12 Challenges Think outside the Octagon—provide service throughout the commons. Library focused on user access and management of online resources & services Deliver immediate access to materials stored off-site Use web technologies to deliver point of use instruction and research guides Integrate e-content into instruction Retain the “library as destination” both physical and virtual

13 Coursework/Sakai Project Objective Fully integrate electronic resources, library created course/ subject research guides, supplemental course materials and course readers into Coursework/Sakai at Stanford University.

14 Coursework Sites Winter Quarter 2008

15 Roles in Coursework Course Admin –Can read, revise, delete and add both content and participants to a site. Guest –Can read content, and add content to a site where appropriate. Head TA –Can read, revise, delete and add both content and participants to a site. Instructor –Can read, revise, delete and add both content and participants to a site. Librarian –Can read and add content, but can not see student data Student –Can read content, and add content to a site where appropriate. TA –Can read, add, and revise most content in their sections.

16 Why add “Librarian Role?” Permission for library staff to add links to e-content in the “Materials” section of Coursework class site –Required and supplemental reading E-books with link to online catalog record E-books with link to provider’s website (Science Direct, Springerlink, E-brary, KNOVEL, CRC Press) Journal articles with link to the DOI for the article from publisher’s website –Research Guide or list of sources prepared by Librarian Word document or html page with links to specific resources, databases, webpages Class guides prepared by librarians assigned to the class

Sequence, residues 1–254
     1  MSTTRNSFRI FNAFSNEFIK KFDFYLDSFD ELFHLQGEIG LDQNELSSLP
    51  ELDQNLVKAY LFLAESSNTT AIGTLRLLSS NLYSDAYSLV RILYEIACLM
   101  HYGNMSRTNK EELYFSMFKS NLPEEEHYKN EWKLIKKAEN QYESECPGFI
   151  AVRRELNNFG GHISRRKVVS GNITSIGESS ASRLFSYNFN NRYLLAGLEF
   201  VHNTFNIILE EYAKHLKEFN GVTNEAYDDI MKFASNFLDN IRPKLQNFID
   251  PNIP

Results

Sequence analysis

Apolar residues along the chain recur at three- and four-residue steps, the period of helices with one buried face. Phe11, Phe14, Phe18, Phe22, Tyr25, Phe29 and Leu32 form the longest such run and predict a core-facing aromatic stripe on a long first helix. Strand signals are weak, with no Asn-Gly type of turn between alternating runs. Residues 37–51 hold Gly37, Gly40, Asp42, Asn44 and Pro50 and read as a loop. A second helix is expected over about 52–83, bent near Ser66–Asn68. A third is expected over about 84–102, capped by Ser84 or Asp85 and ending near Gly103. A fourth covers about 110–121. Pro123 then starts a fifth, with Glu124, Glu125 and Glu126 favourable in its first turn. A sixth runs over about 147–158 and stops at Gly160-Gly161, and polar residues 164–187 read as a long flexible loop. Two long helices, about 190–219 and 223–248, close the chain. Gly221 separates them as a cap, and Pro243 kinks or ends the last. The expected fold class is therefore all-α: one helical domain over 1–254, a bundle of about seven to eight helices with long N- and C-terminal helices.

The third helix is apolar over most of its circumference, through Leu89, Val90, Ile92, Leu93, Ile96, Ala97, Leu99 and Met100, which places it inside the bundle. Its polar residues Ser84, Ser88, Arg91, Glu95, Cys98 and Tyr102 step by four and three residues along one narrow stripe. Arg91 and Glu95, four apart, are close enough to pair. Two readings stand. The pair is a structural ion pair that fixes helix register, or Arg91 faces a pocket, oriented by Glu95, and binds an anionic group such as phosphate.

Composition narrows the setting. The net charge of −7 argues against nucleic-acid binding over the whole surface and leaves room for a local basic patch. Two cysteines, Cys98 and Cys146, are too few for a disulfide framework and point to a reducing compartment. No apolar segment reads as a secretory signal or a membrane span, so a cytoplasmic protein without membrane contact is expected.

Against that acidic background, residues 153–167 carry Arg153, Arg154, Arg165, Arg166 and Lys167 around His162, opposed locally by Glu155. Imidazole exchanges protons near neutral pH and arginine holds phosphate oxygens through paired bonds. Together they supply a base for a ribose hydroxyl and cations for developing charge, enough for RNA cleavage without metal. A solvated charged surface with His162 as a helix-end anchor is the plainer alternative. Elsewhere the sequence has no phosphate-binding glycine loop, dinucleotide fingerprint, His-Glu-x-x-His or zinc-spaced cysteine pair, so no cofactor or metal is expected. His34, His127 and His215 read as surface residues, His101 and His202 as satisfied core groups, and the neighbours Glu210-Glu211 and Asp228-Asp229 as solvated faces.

17 Librarian Role Permissions Homepage- view only Announcements- view, create, revise own content, delete own content Assignments—no access Discussion- post Drop Box- upload to/download from own box only, no access to student drop boxes Grade book—no access Materials- view, create, revise own content, delete own content, see hidden content, see content associated with any section Schedule- view, create, revise own content, delete own content Section Info—no access Syllabus- view only

18 Links to a list of books and articles Links to individual books and articles

19 Partners Coursework Team at Stanford Coursework Liaisons at Graduate School of Business Coursework Liaisons at the School of Law Librarians at the Green Library and the Engineering Library Associated Students of Stanford University (ASSU)

20 Project Milestones Create Librarian role within Coursework –Role created, Spring 2008 –Workflow for Fall 2008 classes in development Implement Sakaibrary tools—Citation Helper –Test in Fall 2008 Create Library Research Guide link placed on site depending on School, subject or department –Under development Create Project space for librarians to collaborate on research guides –Test in Winter 2009

21 Questions?